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Rethinking foreign missions

The other night I was reading through my old journal from a few years ago, specifically the entries from a missions trip my sister and I went on. In the summer of ’05, we joined a group of college kids on a trip to Southeast Asia to share Christ and teach English to middle schoolers.

Reading those pages brought back a flood of memories of the weird juxtapositions that defined that trip for me. Being so far from home had me alternating between barely-contained excitement and acute homesickness. The landscape was simultaneously beautiful and ugly; from a single vantage point you could see a lush green mountainside and a stream of sewage running down the street. Being surrounded by a language I didn’t understand was exhilarating at times and unbelievably frustrating at others. Most significant though, was the juxtaposition I saw in the local followers of Christ: unshakable joy in hard circumstances.

Seeing Christianity lived out in such a different (read: difficult and dangerous) context had an effect on me. How humbling it was to realize how easy I had it, that I didn’t have to worry about the government breaking into my house and arresting me, or doing worse, for being a Christian. That I didn’t have to live in constant fear for my family’s safety, that I had everything I needed (and then some) to live a comfortable life. And yet, despite their hardships, those Asian believers probably had the most sincere faith and love for Jesus that I’ve ever seen. I took stock of their simple joy and contentment in knowing Jesus, realizing then I had more to learn from them than I had to teach. Truth be told, I think that trip benefited me more than the people we came to serve.

But isn’t the point of going on a missions trip to help those in need, not learn something for yourself?

About a year after the trip, I read a book by K.P. Yohannan, the founder of a wonderful organization called Gospel for Asia, in which he discusses how the foreign mission field has changed over the past half-century. His book is essentially a defense of the native missionary movement, stating that since the Gospel has now been planted by Westerners in many of the world’s most remote cultures, the time has come to mobilize native missionaries to spread the Gospel to their own people. He recounts the effectiveness that natives in his home country of India have in reaching their people, compared with short term Western missionaries who aren’t familiar with the language or culture.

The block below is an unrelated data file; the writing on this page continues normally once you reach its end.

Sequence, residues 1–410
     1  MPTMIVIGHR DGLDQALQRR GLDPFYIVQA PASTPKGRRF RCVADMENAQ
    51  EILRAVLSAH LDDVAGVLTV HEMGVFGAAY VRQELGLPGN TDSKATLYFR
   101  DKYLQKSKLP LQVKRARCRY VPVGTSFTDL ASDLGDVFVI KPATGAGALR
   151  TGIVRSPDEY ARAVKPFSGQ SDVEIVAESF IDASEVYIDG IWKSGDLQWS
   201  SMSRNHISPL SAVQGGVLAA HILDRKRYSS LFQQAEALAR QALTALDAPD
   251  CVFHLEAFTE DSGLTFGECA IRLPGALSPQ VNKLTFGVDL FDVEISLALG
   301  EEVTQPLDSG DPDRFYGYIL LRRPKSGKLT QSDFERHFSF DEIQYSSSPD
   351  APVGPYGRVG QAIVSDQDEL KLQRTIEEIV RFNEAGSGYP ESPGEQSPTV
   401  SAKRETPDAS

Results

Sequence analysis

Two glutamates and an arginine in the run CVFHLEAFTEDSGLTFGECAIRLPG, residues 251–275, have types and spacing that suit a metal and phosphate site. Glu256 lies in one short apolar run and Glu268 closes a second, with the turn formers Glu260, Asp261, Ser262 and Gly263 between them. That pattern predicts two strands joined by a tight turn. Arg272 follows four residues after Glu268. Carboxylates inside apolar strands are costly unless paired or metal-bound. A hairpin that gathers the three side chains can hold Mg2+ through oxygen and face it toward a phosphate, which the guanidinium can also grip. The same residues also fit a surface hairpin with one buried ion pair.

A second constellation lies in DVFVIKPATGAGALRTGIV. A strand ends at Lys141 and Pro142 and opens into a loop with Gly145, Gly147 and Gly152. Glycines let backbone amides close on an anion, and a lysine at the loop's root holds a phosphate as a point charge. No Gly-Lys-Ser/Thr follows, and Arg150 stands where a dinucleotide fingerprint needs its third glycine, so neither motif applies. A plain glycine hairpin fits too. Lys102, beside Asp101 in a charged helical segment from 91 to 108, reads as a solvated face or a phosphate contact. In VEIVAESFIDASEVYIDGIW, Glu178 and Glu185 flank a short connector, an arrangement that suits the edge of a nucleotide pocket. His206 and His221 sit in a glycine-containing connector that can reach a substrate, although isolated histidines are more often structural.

Upon reading this, a lot of things about my trip became clear. I kept remembering a particular day when we read a condensed “Creation to the Cross” story to our class of 7th graders with the help of a native Christian woman. As she translated the story into the local language, I noticed that she had a connection with the kids that I didn’t have. She spoke their dialect, ate their food, knew what music they liked, shared their life experiences. After reading K.P.’s book, it all began to make sense.

It seems that there’s an emerging shift in the way Western Christians are thinking about short term missions, which is really exciting to me. I came across a thought-provoking article the other day (by way of another great article) that resonated with what I had experienced in Asia: that short term missions trips usually benefit those who go more than the people already there, and that we North American Christians have much to learn from our brothers and sisters in the third world.

Rather than regurgitate the ideas presented in those two articles, I’ll wrap things up with an excerpt from one, in hopes that if you’re a Christian with a heart for foreign missions, you’ll read them both. It’ll be worth it, I promise!

I believe North American Christians need to start taking seriously our responsibility to the  people of the third world – and visiting another country can be an appropriate place to begin. But we need to ask each other: What is the purpose of the trip? Are we going through the motions of helping the poor so we can congratulate ourselves afterwards? Or are we seeking to understand the lives of third world people – to recognize and support their strengths and to try to understand the problems they face and our role in them? Are we ethnocentrically treating the people of the third world as tragic objects to be rescued – or as equals to walk with and learn from?

– Jo Ann Van Engen, “Short Term Missions: Are They Worth the Cost?”

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Filed under: Books, Current issues, Faith, Travel,

2 Responses

  1. msatheeshkumar says:

    Trip to South-East Asia??? May I know the country you visited then??? Bcoz the poor standards of living you mentioned are closely related to my home country,India. The people here are still struggling for food.Well, on the bright side the world is flying sky high. What our people need is Love and Empathy from the administrators and fellow citizens. I’m very much happy to see people like you….despite being a foreigner caring for fellow humans.Its Excellent…

  2. msatheeshkumar says:

    Oh I see….it wud be a secret. But its horrible to hear that Government of a nation doesn’t allow christianity. Definitely it’ll not be India because India is a secular country and here all religions are accepted.And no such restrictions.Infact, I like the religious principles of christianity. Social service and Love towards fellow individuals is what I like most in Christians.

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